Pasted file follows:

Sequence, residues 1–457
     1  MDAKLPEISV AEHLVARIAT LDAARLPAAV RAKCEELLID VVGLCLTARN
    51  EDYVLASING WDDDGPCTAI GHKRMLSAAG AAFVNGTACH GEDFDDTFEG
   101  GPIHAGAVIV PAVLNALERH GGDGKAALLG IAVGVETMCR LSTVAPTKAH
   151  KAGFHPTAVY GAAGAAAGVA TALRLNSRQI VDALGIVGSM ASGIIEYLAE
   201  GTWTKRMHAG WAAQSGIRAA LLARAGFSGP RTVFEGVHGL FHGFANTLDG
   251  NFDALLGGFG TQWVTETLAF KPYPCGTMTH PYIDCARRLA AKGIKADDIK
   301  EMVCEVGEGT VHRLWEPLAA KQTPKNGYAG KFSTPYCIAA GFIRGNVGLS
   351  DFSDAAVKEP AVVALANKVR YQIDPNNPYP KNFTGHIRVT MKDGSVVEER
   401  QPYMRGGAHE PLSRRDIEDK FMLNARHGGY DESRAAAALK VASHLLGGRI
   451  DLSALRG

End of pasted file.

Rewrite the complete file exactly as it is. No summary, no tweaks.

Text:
Sequence, residues 1–457
     1  MDAKLPEISV AEHLVARIAT LDAARLPAAV RAKCEELLID VVGLCLTARN
    51  EDYVLASING WDDDGPCTAI GHKRMLSAAG AAFVNGTACH GEDFDDTFEG
   101  GPIHAGAVIV PAVLNALERH GGDGKAALLG IAVGVETMCR LSTVAPTKAH
   151  KAGFHPTAVY GAAGAAAGVA TALRLNSRQI VDALGIVGSM ASGIIEYLAE
   201  GTWTKRMHAG WAAQSGIRAA LLARAGFSGP RTVFEGVHGL FHGFANTLDG
   251  NFDALLGGFG TQWVTETLAF KPYPCGTMTH PYIDCARRLA AKGIKADDIK
   301  EMVCEVGEGT VHRLWEPLAA KQTPKNGYAG KFSTPYCIAA GFIRGNVGLS
   351  DFSDAAVKEP AVVALANKVR YQIDPNNPYP KNFTGHIRVT MKDGSVVEER
   401  QPYMRGGAHE PLSRRDIEDK FMLNARHGGY DESRAAAALK VASHLLGGRI
   451  DLSALRG